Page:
6 questions with an undocumented student

The Omniscient’s Byron Aguilar interviewed an undocumented Northwood High School graduate and current college student. 

1. Why did you decide to come to America?

My parents decided to come to the U.S. because they pretty much ran out of options. They were barely making ends meet, and job opportunities were low. We had to constantly move around because my dad could not find a stable job that could provide enough for us. Then, one day, my dad got offered a job in the U.S. and he took it because it was the best option he had.

2. How did you get here?

My family and I arrived in the U.S. when I was about five years old. My dad arrived in the U.S. a few months before us in order to save up enough money to bring my mother, brother and I to the U.S. I don’t remember much of the trip, but the thing I do remember was constantly moving.

3. Is there any way college life is different for an undocumented vs. a documented person?

College life is definitely different for an undocumented student. Traveling abroad does not seem like an option. Finding internships is much more difficult. There are research conferences and travel awards that require you to be a US citizen or Permanent Resident. Before DACA was an option finding a job and getting into a college was very difficult.

4. Was it difficult to get scholarships?

It was so difficult getting a scholarship that I almost gave up on going to college. I had worked my butt off in high school in order to increase my chances of getting into college and getting a scholarship. As I looked for scholarships and [applied] for schools, my hopes kept on sinking. There are college policies that prevented me from being accepted into certain colleges because I was undocumented and could not pay for college. Scholarships for undocumented students were very scarce, so I thought that getting one seemed almost impossible.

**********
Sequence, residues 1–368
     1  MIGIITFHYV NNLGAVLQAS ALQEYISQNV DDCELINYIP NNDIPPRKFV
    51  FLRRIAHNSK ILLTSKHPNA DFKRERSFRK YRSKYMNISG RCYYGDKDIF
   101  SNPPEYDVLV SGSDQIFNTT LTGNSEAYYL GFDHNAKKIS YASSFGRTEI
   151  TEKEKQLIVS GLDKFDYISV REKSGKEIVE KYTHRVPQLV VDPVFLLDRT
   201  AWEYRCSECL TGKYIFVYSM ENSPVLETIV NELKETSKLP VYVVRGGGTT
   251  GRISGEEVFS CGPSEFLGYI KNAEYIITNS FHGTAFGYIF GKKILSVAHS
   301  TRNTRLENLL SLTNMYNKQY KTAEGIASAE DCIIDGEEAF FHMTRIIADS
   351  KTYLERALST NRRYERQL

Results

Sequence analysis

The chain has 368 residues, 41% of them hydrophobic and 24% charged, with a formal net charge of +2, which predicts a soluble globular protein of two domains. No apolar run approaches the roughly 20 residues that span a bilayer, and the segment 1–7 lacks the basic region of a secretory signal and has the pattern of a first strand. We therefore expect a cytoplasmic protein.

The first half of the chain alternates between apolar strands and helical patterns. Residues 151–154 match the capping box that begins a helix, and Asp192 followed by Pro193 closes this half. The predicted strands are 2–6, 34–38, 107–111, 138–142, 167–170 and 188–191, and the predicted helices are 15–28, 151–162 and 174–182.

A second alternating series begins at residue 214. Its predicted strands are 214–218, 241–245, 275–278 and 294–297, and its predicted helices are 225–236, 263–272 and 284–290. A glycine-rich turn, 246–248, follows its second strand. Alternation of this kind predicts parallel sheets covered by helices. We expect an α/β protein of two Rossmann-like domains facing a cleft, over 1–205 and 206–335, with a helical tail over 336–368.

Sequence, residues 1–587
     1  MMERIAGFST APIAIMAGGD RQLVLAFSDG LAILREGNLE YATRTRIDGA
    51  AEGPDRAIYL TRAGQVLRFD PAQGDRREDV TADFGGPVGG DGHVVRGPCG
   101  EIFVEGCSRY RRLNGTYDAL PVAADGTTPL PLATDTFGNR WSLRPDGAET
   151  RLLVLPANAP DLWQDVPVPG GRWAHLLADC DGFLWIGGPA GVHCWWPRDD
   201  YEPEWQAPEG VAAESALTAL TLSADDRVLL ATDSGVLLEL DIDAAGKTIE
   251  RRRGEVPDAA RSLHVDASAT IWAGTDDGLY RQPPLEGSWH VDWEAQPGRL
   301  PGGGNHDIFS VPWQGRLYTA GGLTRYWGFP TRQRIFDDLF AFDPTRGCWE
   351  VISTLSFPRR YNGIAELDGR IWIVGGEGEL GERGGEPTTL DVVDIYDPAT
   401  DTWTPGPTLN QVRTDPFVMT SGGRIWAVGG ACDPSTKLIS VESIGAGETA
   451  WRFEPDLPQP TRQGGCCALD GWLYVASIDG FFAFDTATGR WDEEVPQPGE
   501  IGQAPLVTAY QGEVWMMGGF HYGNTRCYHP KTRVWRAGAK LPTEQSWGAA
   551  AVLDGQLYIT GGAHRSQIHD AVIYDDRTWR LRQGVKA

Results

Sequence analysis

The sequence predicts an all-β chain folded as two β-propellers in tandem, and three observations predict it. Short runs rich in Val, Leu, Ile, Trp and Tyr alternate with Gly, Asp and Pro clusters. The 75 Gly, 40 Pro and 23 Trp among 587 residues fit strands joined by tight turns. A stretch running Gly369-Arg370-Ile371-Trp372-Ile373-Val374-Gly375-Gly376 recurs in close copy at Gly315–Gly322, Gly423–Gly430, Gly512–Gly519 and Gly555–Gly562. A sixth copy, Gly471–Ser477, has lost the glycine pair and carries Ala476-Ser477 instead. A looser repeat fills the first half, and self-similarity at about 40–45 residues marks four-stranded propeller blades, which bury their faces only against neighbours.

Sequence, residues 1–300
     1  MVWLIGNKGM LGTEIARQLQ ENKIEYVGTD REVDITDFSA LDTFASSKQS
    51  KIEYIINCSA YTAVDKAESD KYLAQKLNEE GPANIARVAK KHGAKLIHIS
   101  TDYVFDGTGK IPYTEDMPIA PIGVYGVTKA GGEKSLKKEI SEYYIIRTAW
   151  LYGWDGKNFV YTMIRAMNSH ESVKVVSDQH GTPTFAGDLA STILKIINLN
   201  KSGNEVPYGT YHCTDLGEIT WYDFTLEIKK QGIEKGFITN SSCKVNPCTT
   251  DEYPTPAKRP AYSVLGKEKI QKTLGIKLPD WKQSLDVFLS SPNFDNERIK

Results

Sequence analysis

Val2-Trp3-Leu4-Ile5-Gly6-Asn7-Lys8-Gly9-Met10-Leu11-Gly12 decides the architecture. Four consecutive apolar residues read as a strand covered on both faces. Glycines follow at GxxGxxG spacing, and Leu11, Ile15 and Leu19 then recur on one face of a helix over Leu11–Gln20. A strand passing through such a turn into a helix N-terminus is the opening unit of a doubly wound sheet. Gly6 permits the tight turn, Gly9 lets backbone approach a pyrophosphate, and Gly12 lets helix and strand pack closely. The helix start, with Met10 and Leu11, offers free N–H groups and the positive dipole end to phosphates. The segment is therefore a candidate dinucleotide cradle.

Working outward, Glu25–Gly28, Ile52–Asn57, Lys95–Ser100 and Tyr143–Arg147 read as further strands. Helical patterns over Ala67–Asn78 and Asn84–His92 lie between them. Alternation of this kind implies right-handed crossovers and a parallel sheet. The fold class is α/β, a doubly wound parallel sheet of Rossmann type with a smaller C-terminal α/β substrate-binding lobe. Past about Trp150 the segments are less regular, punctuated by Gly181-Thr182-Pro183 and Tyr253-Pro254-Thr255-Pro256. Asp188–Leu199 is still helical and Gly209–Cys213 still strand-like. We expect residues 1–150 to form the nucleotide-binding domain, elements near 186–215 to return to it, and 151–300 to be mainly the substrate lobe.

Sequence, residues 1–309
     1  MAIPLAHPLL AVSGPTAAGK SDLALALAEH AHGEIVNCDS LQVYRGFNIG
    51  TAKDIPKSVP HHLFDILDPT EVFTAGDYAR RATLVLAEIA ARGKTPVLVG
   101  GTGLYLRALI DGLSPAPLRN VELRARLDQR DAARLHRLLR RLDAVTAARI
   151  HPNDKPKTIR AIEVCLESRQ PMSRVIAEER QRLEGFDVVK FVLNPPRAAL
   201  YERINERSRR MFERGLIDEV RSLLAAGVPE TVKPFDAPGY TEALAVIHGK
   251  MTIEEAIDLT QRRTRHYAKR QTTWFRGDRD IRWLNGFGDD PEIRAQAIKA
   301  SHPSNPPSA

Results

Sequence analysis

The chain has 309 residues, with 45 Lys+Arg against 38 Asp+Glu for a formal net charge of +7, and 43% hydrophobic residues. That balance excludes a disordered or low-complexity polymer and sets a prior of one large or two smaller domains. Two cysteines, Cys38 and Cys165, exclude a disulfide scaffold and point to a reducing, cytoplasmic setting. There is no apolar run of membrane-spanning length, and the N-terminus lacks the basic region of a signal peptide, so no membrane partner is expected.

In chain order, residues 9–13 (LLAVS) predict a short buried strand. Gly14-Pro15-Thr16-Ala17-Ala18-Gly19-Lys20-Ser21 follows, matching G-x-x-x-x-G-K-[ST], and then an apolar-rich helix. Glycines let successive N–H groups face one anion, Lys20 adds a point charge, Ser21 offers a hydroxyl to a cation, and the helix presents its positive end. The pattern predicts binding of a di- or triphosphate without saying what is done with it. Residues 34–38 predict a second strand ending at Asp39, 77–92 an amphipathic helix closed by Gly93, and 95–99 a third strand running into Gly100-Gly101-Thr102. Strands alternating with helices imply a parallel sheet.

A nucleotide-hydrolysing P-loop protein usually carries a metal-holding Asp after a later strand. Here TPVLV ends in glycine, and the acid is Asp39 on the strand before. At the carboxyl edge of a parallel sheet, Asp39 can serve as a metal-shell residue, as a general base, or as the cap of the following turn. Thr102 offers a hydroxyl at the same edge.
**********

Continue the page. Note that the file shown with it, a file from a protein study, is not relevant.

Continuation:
5. Is it harder to get a job in your specific field because of documentation?

I think it is hard to get a job in my specific field of study because I’m having a hard time getting an internship as is. The only jobs I’ve had so far are being a landscaper and a dish washer. Most internships and jobs require a person to be a U.S. Citizen or Permanent Resident. Finding a job in your field is a huge struggle.

6. How does being an immigrant in general impact a child’s life?

I think being an immigrant has a huge impact on a child’s life because you are taking a child away from their extended family, friends, culture and home and placing them in a new culture and home that they have never seen before. The child must adapt to their new home, and that comes with lots of struggles and barriers. You eventually grow up thinking that you are just like the rest of your friends: an American. But you soon realize that you are not because more barriers start to get in the way. You can’t a job or driver’s license when all your friends are getting them. You work just as hard and sometimes harder than your friends, but you are unable to go to college. You learn to live a different life only to later find out that you’ll be rejected. Sometimes you are left thinking, “Where do I belong?”

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